‘GRWM’ (‘Get Ready with Me’) arrives as the album's token EDM track. I heard far too many K-Pop songs in 2020 with 'too-lazy-to-write-a-proper-chorus-to-my-EDM-song syndrome,' thankfully ‘GRWM’ utilises a variety of synths and emphatic beats, which makes it all works well in the service of something enjoyable. This is something I can't often say when listening to K-Pop EDM deviations. It might not achieve the successes of songs prior, but it remains interesting, at least.
After 'GRWM' the album delves into three subunits made up by the members of the group. All of these songs are self-produced by the members, which is a first for GFriend. The first unit is composed by members Sinb and Yerin who composed and performed the song ‘Secret Diary’. Composed in a sort of bubbly R&B style, the song is cute. Comprised of only a piano, bass and drum, the song sounds clean, with warm vocals shining at the centre of the song. Cute does not have to mean weakness, however, and that distinction works well to illustrate what ‘Secret Diary’ has to offer. Sinb’s and Yerin’s vocals are breathy and calming, but confidently assured.
'Better Me' stands out as one of Walpurgis Night's best moments. Crafted by members Umji and Sowon, the track stands, in many ways, as a symbolic representation of the journey GFriend themselves have progressed through since their debut in 2015, and Umji and Sowon in particular. Whilst all of GFriend's members have faced harsh criticisms from Korean (K-Netz) internet users for their looks, vocal abilities, attitudes or dancing abilities (K-netz are known to be very toxic in online anonymity) members Umji and Sowon have faced the most criticism of all. Attacked for their appearance, and derided for their dancing and singing abilities, ‘Better Me’ stands as a congratulation of astonishing resilience.
The last subunit of the album comes from members Eunha and Yuju with their song ‘Night Drive’, a cool, R&B and synth-pop ballad fusion song that is a super popular genre of music in South Korea. The instrumentalization is simple, allowing GFriend's voices to take centre stage. Utilising metaphors of the road, the construction of 'Night Drive' can sometimes feel like a congested highway. At times, though, in another moment it can be a beautifully vacant street. The song comforts. It is perfectly fine to change paths and course of action in your life. You do not always have to keep going in the same destination. The song is soothing, and a reassuring presence amongst the darkness of 2020.
Walpurgis Night then goes on to feature previous tracks by GFriend in order from newest to oldest, ‘Apple’, ‘Crossroads’ and ‘Labyrinth’ - all songs released throughout 2020. I don’t know if it was intentional or not, but the re-released version of ‘Apple’ sounds slightly different, with a great deal more reverb all over the track. Perhaps these re-releases emblemise the shift in musical style achieved by GFriend's progression in just one year. As a musical trilogy all about retrospectivity and returning to the past, Walpurgis Night gives us the wider context of where the groups progression has come from, but also where it is moving towards.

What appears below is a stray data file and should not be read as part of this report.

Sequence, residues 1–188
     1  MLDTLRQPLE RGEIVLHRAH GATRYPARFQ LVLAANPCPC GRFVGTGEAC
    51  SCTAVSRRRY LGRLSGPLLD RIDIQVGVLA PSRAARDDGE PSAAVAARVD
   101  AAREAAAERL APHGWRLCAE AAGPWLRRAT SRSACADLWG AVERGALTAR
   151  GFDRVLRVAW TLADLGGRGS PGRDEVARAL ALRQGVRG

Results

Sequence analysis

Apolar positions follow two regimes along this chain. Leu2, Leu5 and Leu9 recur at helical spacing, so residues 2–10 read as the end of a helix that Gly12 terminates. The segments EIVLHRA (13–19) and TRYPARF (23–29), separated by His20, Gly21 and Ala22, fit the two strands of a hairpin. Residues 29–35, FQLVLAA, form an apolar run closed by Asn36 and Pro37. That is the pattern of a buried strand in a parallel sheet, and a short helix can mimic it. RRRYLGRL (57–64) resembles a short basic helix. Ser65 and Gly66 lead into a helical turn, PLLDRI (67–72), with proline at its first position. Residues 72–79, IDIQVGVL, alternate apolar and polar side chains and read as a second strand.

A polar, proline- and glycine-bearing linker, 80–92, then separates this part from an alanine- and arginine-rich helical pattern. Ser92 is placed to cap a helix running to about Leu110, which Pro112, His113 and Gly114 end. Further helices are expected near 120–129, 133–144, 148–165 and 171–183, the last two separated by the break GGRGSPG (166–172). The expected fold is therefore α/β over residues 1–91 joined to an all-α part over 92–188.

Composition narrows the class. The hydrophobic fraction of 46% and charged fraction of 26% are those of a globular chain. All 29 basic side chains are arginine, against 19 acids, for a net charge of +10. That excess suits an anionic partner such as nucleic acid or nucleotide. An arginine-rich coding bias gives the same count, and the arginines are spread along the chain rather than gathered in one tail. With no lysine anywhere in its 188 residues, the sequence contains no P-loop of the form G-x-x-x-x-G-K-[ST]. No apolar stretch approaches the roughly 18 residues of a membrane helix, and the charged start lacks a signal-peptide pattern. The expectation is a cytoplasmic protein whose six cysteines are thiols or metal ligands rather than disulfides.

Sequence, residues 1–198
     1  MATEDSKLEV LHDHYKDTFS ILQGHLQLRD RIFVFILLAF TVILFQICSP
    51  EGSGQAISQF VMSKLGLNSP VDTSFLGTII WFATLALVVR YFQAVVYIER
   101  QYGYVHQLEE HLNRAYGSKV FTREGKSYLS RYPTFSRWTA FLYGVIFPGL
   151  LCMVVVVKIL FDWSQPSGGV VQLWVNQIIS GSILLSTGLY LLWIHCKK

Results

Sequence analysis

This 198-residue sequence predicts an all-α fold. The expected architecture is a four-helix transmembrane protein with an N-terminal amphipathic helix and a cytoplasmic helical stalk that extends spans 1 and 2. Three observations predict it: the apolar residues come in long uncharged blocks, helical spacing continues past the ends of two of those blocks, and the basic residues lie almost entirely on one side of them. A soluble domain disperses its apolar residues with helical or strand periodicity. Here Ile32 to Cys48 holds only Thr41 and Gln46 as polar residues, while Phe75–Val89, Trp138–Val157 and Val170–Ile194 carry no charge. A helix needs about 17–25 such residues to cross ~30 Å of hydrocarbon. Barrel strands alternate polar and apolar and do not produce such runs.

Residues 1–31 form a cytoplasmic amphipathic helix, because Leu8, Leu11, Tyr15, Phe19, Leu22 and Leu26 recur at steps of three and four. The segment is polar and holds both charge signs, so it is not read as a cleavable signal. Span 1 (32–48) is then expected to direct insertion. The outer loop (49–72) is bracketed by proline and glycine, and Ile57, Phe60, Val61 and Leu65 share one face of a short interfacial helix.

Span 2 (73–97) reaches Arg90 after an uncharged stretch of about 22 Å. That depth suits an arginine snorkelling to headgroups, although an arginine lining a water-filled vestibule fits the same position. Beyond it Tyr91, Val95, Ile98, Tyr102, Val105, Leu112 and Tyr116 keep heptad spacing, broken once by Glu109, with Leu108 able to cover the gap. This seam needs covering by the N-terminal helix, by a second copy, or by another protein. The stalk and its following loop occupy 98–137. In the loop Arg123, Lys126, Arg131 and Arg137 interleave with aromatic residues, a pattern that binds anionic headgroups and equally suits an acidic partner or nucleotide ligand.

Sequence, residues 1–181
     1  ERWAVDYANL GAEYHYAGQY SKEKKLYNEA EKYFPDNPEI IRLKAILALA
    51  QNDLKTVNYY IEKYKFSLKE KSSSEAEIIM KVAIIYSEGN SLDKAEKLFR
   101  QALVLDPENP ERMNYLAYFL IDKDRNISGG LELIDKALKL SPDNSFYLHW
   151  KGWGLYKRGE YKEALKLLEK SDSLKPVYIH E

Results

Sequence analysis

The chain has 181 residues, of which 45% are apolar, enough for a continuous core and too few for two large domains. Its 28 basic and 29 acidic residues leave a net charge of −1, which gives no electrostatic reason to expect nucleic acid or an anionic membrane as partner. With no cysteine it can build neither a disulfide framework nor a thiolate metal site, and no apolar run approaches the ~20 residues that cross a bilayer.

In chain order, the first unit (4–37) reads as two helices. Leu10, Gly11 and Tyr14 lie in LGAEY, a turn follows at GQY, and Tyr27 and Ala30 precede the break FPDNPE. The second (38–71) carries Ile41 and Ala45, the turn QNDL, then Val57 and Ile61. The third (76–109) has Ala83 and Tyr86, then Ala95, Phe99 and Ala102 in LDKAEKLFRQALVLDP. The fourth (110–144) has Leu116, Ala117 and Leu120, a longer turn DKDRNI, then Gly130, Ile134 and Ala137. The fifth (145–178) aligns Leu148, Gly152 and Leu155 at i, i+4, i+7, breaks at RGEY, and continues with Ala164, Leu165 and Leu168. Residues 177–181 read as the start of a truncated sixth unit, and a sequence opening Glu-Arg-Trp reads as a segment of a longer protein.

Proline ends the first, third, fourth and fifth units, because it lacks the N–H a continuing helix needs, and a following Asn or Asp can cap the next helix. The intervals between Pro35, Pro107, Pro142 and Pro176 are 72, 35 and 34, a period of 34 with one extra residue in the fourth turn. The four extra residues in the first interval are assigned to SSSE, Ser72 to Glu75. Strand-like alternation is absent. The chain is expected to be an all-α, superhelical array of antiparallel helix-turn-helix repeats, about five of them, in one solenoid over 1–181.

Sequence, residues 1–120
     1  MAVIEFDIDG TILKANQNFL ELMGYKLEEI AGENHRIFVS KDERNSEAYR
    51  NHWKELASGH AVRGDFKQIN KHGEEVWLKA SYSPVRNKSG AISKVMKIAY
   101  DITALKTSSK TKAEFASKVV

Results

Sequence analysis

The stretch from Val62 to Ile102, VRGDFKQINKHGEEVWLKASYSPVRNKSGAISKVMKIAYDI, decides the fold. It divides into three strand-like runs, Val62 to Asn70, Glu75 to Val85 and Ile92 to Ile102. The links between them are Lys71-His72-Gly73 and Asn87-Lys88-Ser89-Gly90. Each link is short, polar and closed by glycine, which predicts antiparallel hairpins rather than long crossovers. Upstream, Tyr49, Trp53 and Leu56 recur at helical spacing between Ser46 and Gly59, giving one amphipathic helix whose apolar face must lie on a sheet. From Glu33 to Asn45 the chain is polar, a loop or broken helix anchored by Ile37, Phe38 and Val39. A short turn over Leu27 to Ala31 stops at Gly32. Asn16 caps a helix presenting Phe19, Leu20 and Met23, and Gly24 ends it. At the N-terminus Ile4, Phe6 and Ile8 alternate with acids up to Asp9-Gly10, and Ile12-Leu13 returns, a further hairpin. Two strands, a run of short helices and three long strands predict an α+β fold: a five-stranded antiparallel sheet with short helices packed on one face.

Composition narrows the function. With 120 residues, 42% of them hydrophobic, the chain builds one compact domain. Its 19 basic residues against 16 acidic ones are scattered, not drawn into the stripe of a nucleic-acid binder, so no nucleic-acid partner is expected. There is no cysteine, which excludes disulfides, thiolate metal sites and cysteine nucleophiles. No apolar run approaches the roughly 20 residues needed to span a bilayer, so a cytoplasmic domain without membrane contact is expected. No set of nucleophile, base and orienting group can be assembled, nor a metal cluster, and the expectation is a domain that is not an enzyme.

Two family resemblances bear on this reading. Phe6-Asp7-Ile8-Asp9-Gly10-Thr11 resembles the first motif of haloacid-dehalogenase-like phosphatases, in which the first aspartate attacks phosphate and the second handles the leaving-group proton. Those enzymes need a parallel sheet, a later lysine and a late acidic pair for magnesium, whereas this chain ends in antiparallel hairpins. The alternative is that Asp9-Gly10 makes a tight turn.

The album's final track, ‘Wheel of the Year’, concludes this year’s trilogy of musical releases, conceptualized as a return to the past as a means of projecting themselves stronger into the future. The song repurposes the concept of 'the wheel of the year' as a vehicle for positioning personal growth and progression. Times remain incredibly difficult, but things will not stay the same forever. A new wheel begins: life goes on. Though the song employs typical arsenals of synthesizers, it relies heavily on live instrumentation for the track. Live drums, live bass, live piano, live guitar and live strings all embellish the track with an emphatic full-ness. The instruments emerge into view gradually as the song unfurls, the expanding sonority of the song serving to parallel GFriend's meteoric rise to superstardom.
This is more than just GFriend's most cohesive album. It's their most stylistically confident, and it might just be their best. Though some songs are guilty of fusing together, sacrificing individuality at times, these criticisms are ultimately small in the scheme of Walpurgis Night's successes. Following this, GFriend deserve a rest. Whether they will get it, is another question.
- 8.4 -
'MAGO', 'Better Me', 'Wheel of the year'
Guille Fernandez is a music lover who studied the cello for almost 10 years before moving to the UK to study English literature at King's College, London.
Thanks for reading! Slow Motion Panic Masters is a music, arts and culture blog created and co-edited by Ben Wheadon, a literature student and musician based at the University of Oxford. He is also a Fleet Foxes shill.